Myth-busting: How swimming can hold its own vs running
Swimming has always been perceived as one of the more ‘gentle’ of sports; good for the young, old and those in-between.
Easy on the joints, easy on the purse (after all, you only really need a costume (for legal and decency reasons!), some goggles and a towel), and easily accessible (there are over 4,600 public pools in the UK, according to a 2013 report by Sport England).
However, in recent years, there’s been a decline in participant numbers, and the closure of over 300 public pools in the last 18 months has certainly not helped public perception of this fantastic sport.
It’s high time we exposed a few common misconceptions about swimming, so here’s a few myth-busting facts to set the record straight:
Swimming doesn’t help build muscle.
Swimming is in fact a great way to gain muscle strength throughout your body. Swimming uses more muscle groups than running to propel your body through the water. Think about it, you use your arms to pull, legs to kick, your back rotates and your stomach holds it all together to stabilise your core. Just have a look at the pro swimmers’ physiques and you’ll see the truth in this.
Swimming doesn’t help build bone mass and protect against osteoporosis
Received wisdom would have it, to build bone density (or at least, to not lose it), you need to be doing some kind of weight-bearing activity, e.g running or walking.
There is some research out there published in the Journal of Applied Physiology, to demonstrate (albeit in rats not humans) that whilst running was still slightly better at building bone mass in the ‘running’ group, the swimming group still fared better than the control group who did no exercise at all. Given that you’re much less likely to injure yourself in the pool than on the tarmac, it seems as good a reason as any to get that swimming costume on.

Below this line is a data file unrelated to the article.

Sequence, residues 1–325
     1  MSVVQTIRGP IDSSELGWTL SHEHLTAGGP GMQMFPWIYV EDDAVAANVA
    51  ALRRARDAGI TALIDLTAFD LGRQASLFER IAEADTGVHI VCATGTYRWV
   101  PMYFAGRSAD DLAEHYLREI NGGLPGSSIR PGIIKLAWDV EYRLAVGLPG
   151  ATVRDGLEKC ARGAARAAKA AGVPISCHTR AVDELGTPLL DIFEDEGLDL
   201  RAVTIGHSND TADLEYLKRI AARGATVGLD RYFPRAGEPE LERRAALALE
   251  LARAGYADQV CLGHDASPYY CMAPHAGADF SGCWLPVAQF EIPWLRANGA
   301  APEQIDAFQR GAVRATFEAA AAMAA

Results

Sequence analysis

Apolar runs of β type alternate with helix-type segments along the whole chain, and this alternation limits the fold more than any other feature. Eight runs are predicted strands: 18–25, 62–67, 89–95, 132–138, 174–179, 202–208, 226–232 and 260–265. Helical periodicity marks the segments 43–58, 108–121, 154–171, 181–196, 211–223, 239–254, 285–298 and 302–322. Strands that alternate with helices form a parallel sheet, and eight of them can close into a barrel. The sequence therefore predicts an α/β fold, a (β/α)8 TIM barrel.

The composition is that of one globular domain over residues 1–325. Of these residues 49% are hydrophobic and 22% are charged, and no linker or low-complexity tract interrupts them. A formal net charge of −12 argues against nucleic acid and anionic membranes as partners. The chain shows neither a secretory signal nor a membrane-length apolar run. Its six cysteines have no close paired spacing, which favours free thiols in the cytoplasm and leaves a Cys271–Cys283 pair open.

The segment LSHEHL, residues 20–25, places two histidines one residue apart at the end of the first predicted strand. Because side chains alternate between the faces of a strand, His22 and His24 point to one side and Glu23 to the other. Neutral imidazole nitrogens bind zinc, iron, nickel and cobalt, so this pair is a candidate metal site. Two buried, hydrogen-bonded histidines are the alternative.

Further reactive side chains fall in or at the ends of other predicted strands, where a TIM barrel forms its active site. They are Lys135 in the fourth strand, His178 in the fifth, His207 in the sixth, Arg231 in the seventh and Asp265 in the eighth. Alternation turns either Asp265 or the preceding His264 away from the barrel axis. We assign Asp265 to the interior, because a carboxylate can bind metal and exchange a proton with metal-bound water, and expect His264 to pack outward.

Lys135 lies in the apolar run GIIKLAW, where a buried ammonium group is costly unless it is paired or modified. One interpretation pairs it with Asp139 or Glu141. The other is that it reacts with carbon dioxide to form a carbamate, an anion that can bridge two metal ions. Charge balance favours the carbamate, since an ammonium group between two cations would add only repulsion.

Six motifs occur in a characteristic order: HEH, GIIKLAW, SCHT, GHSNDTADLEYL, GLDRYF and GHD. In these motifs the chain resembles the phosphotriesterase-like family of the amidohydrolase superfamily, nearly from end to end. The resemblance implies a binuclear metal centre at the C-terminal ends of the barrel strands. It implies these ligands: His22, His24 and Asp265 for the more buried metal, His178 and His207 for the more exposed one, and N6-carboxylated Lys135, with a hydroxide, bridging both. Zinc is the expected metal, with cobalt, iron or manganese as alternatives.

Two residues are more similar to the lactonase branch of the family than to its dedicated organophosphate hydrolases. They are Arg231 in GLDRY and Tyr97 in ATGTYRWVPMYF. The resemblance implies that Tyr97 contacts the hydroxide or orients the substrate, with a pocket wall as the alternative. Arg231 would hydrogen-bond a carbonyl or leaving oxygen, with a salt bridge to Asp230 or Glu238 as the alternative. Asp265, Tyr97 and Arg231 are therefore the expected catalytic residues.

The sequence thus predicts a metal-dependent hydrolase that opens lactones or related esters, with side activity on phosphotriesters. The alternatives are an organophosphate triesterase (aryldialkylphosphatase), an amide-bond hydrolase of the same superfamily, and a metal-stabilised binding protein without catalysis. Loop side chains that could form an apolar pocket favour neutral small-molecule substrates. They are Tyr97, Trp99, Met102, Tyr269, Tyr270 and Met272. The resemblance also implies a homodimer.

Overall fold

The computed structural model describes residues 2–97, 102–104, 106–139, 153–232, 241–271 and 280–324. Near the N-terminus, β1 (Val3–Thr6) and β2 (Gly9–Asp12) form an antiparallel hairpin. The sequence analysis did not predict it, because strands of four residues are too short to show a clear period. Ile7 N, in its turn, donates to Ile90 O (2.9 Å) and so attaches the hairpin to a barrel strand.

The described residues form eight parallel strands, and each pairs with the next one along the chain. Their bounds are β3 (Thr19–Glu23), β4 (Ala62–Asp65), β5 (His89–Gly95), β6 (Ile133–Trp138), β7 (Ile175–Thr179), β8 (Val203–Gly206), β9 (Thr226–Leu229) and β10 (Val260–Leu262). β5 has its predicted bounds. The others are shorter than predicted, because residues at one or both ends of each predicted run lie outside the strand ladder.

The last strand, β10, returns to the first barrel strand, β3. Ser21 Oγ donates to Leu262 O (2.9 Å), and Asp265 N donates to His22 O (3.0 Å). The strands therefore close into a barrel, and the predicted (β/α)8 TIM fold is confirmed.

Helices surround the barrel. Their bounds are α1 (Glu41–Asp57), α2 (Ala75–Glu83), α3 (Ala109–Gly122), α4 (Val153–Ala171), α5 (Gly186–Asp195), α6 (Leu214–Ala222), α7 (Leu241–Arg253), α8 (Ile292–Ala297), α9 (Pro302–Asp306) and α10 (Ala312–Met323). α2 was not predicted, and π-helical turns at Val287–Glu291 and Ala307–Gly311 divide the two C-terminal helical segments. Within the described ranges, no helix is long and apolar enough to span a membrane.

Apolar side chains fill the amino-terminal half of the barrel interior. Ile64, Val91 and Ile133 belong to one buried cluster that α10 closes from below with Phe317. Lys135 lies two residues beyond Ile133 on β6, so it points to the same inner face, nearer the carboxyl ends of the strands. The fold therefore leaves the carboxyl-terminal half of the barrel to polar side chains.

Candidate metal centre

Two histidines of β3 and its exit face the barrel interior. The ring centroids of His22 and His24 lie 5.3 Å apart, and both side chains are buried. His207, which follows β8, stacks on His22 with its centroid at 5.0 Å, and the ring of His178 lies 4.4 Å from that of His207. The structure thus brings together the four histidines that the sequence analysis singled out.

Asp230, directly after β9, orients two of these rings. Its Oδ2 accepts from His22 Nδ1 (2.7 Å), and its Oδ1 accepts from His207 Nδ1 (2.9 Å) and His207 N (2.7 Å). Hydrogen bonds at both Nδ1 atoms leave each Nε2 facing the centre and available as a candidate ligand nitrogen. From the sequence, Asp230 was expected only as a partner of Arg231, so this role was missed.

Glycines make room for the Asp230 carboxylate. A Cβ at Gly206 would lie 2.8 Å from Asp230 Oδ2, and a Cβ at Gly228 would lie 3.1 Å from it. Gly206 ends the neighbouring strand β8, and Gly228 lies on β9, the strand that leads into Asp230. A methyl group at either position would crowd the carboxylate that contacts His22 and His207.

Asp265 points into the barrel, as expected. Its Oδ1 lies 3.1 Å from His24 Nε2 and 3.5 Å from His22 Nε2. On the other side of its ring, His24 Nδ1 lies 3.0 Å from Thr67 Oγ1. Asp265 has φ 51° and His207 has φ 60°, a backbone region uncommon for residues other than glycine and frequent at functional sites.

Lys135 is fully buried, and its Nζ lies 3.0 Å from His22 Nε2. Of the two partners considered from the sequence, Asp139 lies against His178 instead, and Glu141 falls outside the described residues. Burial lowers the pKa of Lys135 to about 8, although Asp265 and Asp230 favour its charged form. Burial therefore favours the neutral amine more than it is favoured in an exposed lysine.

Swimming won’t burn as many calories as running
Most people (if asked) would probably rate running as burning more calories than swimming. Not least because the effort produced whilst running is so visible to others – red face, sweaty T-shirt, a lot of huffing and puffing, you get the picture. The perception of effort to calories burned draws an easy conclusion. After all, watching a swimmer glide through the water just seems a whole lot more serene, right?
You’d be surprised perhaps to learn that swimming holds its own on the calories burned front. Depending on the stroke and intensity, you can burn through that chocolate bar at least as fast as you would do on a treadmill. Approximately 100 cals per 10 mins of freestyle is equal to a 10-minute run, but without the sweat dripping into your eyes.
Swimming makes us more hungry than running
The issue here is more likely to be one of thirst, rather than hunger. The parts of our brain which signal hunger and thirst to us are very close together, so they’re often easily confused. Usually we will assume we’re hungry rather than thirsty and reach for the snacks instead of the water bottle.
If you’re heading out on a run that’s longer than say 30 mins, you will know that you should probably be taking some water along for the ride. But how many of us would think to do so when swimming? You’re likely to see the advanced and pro swimmers break from thrashing up and down the lanes for a sip and assume it doesn’t apply to you (because you’re just pootling along for a gentle dip, right?).
Take note and do the same yourself. You’ll be losing fluid from sweating in just the same way as would be obvious on dry land. The difference is, you’re surrounded by water so you probably won’t even realise it’s happening.
So why not dig out your swim kit and head down to your local pool to check out the reality for yourself. You’ll be pleasantly surprised.
Originally posted 2017-04-23 12:38:02.